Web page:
This feedback lead to a bachelor's degree in Landscape Architecture from the University of Montreal, which I obtained in 1998 with honours. I soon began working for Graham Cooke & Assoc. Inc., and joined at a time when work was abundant. My first few years in the office were spent learning about all the important facets of golf course design and construction. As years went by, my input in the design and construction of the Graham Cooke courses increased, and I eventually worked alongside Graham as a co-designer on selected projects, such as The Islesmere Golf Club, The Richelieu Valley Golf Club, and the Club de Golf Les Boisés de Joly.

As I gained this invaluable experience, I also started to travel extensively, for work, but also to play and study some of the world's great courses and learn as much as I could from their particular attributes. Fantastic trips to Scotland and many regions of the United States and Canada have helped me understand the incredible value of imaginative design based on the subtleties of the sites that these great golf courses sit on and the importance of their integration in their immediate surroundings. To this day, these trips are still at the basis of my continuing education in the art of golf course architecture.

With 14 years of experience working in the industry on various types of projects, I have now launched Yannick Pilon Golf to share my passion of golf course architecture with golf clubs and golfers everywhere. Why did I do it, and especially, why now, in this market?  Well there are many reasons.  Graham and I had different design philosophies.  While I totally respect what he does – he sure had a lot of success doing it - I find myself wanting to do things differently.  I am also at a time in my life where I want to build something for me, not for someone else.  I would like to develop new products, new ideas, and I would like to benefit from the results, if any!  I am also lucky enough to have a great wife that has a good job.  I don’t have the pressure of needing a $100 000 income to make ends meet; she can support me for a while after I supported her when she started.  There is also the fact that I want to be more involved in the projects I work on, not just do plans for courses in foreign countries I will never get see.  This is important.  For now, I would prefer to work on smaller jobs, closer to home, and know that I can have more input....  I can now write on forums without having the fear to hurt the firm I work for.  Now it’s just me. I could go on.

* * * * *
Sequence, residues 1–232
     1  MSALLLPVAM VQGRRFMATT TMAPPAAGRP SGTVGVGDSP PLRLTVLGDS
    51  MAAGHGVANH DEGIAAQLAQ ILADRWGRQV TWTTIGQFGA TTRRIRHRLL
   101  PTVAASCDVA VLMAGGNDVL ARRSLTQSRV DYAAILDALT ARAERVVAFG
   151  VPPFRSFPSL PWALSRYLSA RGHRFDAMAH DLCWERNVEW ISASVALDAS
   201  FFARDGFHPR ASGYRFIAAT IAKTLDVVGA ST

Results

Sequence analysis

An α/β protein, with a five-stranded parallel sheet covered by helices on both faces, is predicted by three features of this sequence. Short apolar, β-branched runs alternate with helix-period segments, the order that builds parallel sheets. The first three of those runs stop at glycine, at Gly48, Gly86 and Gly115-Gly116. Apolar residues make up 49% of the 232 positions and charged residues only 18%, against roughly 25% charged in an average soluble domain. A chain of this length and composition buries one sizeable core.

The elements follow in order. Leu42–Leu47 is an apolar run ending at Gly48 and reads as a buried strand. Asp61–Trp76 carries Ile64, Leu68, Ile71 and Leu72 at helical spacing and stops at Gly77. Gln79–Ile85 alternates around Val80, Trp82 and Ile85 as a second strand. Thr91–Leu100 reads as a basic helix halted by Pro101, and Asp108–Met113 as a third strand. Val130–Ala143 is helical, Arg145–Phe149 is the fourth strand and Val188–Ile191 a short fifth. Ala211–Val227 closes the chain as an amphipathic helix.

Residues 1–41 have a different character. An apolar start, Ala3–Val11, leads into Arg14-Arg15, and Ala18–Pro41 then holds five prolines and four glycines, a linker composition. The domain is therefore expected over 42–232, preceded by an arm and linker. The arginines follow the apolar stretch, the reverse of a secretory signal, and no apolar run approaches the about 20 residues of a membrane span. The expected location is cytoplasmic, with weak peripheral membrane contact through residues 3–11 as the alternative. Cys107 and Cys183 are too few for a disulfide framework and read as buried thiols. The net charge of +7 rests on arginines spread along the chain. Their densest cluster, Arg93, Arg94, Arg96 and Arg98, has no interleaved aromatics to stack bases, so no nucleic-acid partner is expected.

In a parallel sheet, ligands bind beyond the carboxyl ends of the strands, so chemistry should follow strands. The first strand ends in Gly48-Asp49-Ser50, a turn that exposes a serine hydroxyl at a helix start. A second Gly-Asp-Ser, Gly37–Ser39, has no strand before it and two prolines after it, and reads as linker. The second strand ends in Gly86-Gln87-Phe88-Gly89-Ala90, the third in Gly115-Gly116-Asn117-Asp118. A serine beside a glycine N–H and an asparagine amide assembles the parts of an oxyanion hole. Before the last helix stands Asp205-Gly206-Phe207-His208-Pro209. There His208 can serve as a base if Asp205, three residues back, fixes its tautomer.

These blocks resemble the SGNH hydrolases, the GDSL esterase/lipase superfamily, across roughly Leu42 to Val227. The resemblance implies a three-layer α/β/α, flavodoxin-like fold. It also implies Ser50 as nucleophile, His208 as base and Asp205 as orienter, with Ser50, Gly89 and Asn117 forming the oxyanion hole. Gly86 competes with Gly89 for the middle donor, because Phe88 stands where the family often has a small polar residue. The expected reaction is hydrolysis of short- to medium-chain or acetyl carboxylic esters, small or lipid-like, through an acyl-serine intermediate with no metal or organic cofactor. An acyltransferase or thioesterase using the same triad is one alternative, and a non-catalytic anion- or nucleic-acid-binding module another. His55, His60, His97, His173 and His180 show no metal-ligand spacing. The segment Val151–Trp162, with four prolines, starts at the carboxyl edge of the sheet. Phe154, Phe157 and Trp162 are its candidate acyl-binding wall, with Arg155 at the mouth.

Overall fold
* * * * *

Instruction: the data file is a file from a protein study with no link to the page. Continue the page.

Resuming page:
The business end of things can be a challenge, but once you get the hang of it, it is not that bad.  It does take a lot of time, but it is also invigorating to discover whole new things I never had the chance to do before, like accounting, billing, web design....

I am profoundly grateful for the chance that Graham Cooke gave me in the business.  I have always been loyal to him, and I am leaving him in good terms, finishing jobs that I had started with him.  I had not told any clients about it before I left.  Some of them decided to stay with me, others I am still not too sure.  This year will be a decent one in terms of workload and income, but next year is a big question mark! All I know is that there is some work out there. I just need to start promoting myself more than I ever did to make sure I’ll get some of it.

YP

www.yannickpilongolf.com
www.yannickpilongolf.blogspot.com
www.twitter.com/#!/YPGolf

www.yannickpilongolf.com - Golf Course Architecture, Quebec, Canada

Tom_Doak

  • Karma: +0/-1
Re: Designers...How Did You Start...
« Reply #17 on: June 13, 2011, 05:45:30 PM »

  This year will be a decent one in terms of workload and income, but next year is a big question mark!



Yannick:

Next year is a big question mark for EVERYONE in this business.

Kris Shreiner

  • Karma: +0/-0
Re: Designers...How Did You Start...
« Reply #18 on: June 13, 2011, 05:56:23 PM »
Yannick,

I admire your pluck for striking out on your own, especially in this climate. While I'm not familiar with your work with Mr. Cooke, your website does a nice job giving an overview. Clearly, you have a solid reputation in Canada and I wish you success as you embark on the next chapter of your golf-related dreams. Remain persistent and continue to trust in your ability!

Cheers,
Kris 8)
"I said in a talk at the Dunhill Tournament in St. Andrews a few years back that I thought any of the caddies I'd had that week would probably make a good golf course architect. We all want to ask golfers of all abilities to get more out of their games -caddies do that for a living." T.Doak